Public Notification of Decision in the matter of the Inclusive Development International (IDI), Equitable Cambodia (EC), and the Cambodian League for the Promotion and Defense of Human Rights (LICADHO) complaint against Mitr Phol

21st December 2018

Bonsucro’s vision is a sugarcane sector with thriving, sustainable producer communities and resilient, assured supply chains. Bonsucro’s Code of Conduct states that a primary aim of the organisation is to ‘improve the social, environmental and economic sustainability of sugar cane production’.

Bonsucro asks its members to operate under a principle of continuous improvement.  Members agree to work towards this stated objective during their membership, including through compliance with the Code of Conduct. The complaints resolution process is an important tool to allow the Bonsucro Board to gain awareness of and take appropriate action in relation to members who fail to do so.

A complaint was made to Bonsucro in 2011 by Inclusive Development International, Equitable Cambodia and the Cambodian League for the Promotion and Defense of Human Rights (“the complainants”) alleging a number of serious concerns about the conduct of Bonsucro member Mitr Phol related to activities connected with a number of Economic Land Concessions in Cambodia granted by the Cambodian government, which have since been returned to the Cambodian government.

The complaints resolution procedure applicable to this complaint requires Bonsucro to consider whether the complaint is in scope, develop an action plan aimed at facilitating a resolution of the complaint between the parties, and consider the merits of the complaint itself so that the board can make a final decision.  Both the complainants and Mitr Phol have submitted significant amounts of information, which has been carefully considered against the relevant criteria.

Bonsucro sought to explore and facilitate methods by which Mitr Phol and the complainants may resolve the matters between themselves.  This process was complicated by the litigation which has been issued in the Thai courts, which, Bonsucro understands, rests on a similar factual background, but which concerns the legal liability of Mitr Phol, rather than Mitr Phol’s compliance with its obligations as a Bonsucro member during the period of its membership (as stated in the relevant documents governing its membership during that time) which is the only relevant and applicable context of this complaint.  In issuing its decision, Bonsucro makes no comment in relation to the Thai litigation, which is an entirely separate matter, and nothing in Bonsucro’s decision should be taken as an endorsement of either party’s position in that litigation.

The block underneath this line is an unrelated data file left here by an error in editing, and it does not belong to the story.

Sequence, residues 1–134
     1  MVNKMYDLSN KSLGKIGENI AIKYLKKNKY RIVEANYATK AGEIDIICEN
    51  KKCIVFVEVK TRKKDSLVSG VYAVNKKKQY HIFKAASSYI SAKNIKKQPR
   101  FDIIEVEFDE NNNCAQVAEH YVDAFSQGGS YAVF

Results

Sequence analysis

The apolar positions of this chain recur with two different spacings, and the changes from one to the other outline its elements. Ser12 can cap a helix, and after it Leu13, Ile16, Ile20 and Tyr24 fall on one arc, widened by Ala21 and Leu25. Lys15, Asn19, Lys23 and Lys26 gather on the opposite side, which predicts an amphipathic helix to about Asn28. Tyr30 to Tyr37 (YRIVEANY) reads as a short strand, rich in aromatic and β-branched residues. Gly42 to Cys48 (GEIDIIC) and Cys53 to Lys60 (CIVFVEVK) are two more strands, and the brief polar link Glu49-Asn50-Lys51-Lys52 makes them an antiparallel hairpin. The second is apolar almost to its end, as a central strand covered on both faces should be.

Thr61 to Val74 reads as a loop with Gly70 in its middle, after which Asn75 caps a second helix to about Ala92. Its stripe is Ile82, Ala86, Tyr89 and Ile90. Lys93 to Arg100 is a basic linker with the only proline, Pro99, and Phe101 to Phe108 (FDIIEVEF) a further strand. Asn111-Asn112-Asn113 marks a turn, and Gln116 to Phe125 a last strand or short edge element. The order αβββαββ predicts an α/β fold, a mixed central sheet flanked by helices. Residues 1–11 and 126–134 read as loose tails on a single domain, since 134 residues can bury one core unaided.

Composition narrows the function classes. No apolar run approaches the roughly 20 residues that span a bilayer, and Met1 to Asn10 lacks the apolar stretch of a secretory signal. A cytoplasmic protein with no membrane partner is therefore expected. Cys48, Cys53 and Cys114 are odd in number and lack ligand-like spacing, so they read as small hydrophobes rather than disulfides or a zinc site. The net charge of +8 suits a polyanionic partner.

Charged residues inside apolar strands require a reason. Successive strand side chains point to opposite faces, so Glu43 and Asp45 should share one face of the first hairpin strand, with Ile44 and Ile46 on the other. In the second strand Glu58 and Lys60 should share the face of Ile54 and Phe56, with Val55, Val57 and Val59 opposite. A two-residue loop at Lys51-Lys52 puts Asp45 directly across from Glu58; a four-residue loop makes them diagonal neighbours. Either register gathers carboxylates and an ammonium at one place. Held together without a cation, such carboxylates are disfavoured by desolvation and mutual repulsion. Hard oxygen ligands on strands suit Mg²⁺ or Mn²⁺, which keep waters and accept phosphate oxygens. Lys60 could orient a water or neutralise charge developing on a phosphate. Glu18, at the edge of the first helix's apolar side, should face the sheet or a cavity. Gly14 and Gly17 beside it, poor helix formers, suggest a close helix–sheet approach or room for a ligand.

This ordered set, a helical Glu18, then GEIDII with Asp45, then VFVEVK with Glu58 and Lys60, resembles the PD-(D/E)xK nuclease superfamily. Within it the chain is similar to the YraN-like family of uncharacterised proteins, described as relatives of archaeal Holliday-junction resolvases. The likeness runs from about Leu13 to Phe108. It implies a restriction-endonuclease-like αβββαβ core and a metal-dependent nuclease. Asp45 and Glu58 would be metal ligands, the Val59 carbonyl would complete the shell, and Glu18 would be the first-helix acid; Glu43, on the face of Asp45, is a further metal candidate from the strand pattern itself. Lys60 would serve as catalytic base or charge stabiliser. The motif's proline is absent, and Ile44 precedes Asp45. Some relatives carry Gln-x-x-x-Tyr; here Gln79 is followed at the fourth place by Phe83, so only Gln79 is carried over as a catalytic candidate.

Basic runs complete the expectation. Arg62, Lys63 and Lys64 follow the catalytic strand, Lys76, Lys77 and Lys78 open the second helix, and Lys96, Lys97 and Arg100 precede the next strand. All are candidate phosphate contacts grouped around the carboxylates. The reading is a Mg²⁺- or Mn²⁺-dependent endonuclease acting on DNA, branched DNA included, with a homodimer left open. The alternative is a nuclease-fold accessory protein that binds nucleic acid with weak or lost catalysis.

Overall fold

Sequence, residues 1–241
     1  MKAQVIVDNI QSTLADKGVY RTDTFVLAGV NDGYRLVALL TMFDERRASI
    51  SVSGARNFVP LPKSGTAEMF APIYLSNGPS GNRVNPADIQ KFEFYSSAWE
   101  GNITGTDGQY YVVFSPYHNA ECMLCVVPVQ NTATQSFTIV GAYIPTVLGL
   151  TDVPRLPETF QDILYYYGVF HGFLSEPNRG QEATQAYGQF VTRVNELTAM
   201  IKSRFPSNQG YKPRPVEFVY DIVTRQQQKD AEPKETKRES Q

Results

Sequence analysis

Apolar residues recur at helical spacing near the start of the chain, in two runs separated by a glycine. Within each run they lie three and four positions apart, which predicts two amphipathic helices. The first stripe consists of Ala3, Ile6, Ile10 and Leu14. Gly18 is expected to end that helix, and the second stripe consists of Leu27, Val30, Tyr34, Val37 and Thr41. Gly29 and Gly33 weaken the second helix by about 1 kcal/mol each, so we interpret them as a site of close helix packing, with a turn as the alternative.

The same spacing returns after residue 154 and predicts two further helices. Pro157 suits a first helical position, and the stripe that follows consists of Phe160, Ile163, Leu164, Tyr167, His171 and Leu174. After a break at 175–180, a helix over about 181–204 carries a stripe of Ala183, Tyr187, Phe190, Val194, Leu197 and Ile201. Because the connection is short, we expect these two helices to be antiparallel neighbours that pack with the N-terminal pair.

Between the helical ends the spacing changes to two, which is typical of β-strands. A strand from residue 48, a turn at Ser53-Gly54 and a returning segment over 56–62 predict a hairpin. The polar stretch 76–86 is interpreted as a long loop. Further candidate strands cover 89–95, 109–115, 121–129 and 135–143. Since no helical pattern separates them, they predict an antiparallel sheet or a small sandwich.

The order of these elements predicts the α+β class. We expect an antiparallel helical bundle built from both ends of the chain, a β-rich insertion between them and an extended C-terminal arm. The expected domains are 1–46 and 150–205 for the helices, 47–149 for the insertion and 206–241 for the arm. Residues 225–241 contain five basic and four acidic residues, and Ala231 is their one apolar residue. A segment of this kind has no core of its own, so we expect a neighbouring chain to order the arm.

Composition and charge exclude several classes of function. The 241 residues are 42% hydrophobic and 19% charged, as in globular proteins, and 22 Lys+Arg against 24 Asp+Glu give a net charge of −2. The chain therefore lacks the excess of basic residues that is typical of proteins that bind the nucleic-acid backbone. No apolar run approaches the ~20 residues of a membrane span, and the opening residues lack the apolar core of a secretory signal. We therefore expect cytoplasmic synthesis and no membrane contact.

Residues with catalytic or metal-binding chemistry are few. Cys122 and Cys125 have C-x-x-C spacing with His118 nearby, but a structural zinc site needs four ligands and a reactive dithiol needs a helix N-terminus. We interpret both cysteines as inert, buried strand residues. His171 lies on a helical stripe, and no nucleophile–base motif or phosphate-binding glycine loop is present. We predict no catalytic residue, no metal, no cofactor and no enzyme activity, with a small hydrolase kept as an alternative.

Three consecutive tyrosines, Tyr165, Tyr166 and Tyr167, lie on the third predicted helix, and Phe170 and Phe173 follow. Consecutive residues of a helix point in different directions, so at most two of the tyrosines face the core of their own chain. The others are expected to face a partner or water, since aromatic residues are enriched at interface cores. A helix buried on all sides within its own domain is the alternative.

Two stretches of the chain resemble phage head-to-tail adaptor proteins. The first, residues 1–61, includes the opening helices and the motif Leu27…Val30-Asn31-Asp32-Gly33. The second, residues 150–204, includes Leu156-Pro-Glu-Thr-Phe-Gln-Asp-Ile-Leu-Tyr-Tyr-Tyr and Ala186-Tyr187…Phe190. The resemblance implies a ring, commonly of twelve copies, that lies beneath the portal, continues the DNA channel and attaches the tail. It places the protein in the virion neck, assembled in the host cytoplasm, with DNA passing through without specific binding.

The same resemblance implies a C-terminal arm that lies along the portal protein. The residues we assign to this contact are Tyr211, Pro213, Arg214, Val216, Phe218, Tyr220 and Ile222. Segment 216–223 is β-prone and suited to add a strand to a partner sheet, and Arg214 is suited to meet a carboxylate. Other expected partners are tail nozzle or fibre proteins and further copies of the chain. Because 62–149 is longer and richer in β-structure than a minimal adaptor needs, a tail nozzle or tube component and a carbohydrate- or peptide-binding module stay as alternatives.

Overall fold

At its Board meeting on 26 November 2018, Bonsucro’s Board carefully considered and discussed:

  • The information submitted by both parties;
  • The obligations which Mitr Phol had committed to at the time of its original period of membership, when the complaint was made;
  • The steps taken to date to facilitate the resolution of the matters between the parties themselves, and whether it would be appropriate to take any further steps, following further approaches made to the parties in November 2018; and
  • The scope of its decision-making powers, as applicable to this complaint.

The Board noted the findings of the Thai Human Rights Commission that human rights violations took place in 2008 and 2009 in connection with the Economic Land Concessions in Cambodia which are the subject of this complaint, and further noted that that report places significant emphasis on the obligations of the Cambodian government. It also noted Mitr Phol’s strong denials of any involvement in human rights violations, and its explanations of attempts made to engage in Cambodia.  The Board took particular note that its powers in relation to this complaint allowed it only to consider the actions of Mitr Phol during its period of membership, which commenced on 4 June 2010.

Bonsucro understands that no sugar was commercially produced on the sites.  No application for certification of the sites according to Bonsucro’s Production Standards was made, and no sugar from the sites appears in Bonsucro labelled products.

Following their discussion, Bonsucro’s Board has made the following decision:

  • It would not be appropriate to take any further steps to facilitate the resolution of the matter between the parties, all reasonable steps already having been taken;
  • The Board does not consider that it has received cogent evidence that, during its prior period of membership, Mitr Phol breached the terms of Bonsucro’s Code of Conduct in place at the time;
  • The Board considers that there is sufficient evidence to demonstrate that Mitr Phol is committed to improving the social, environmental and economic sustainability of sugar cane production and therefore is eligible to remain as a member of Bonsucro;
  • The Board does not consider it appropriate to place any conditions on Mitr Phol’s continued membership of Bonsucro.

The Board would like to invite the parties to engage with Bonsucro on its review of Bonsucro’s Complaints Resolution Process, which will commence in early 2019.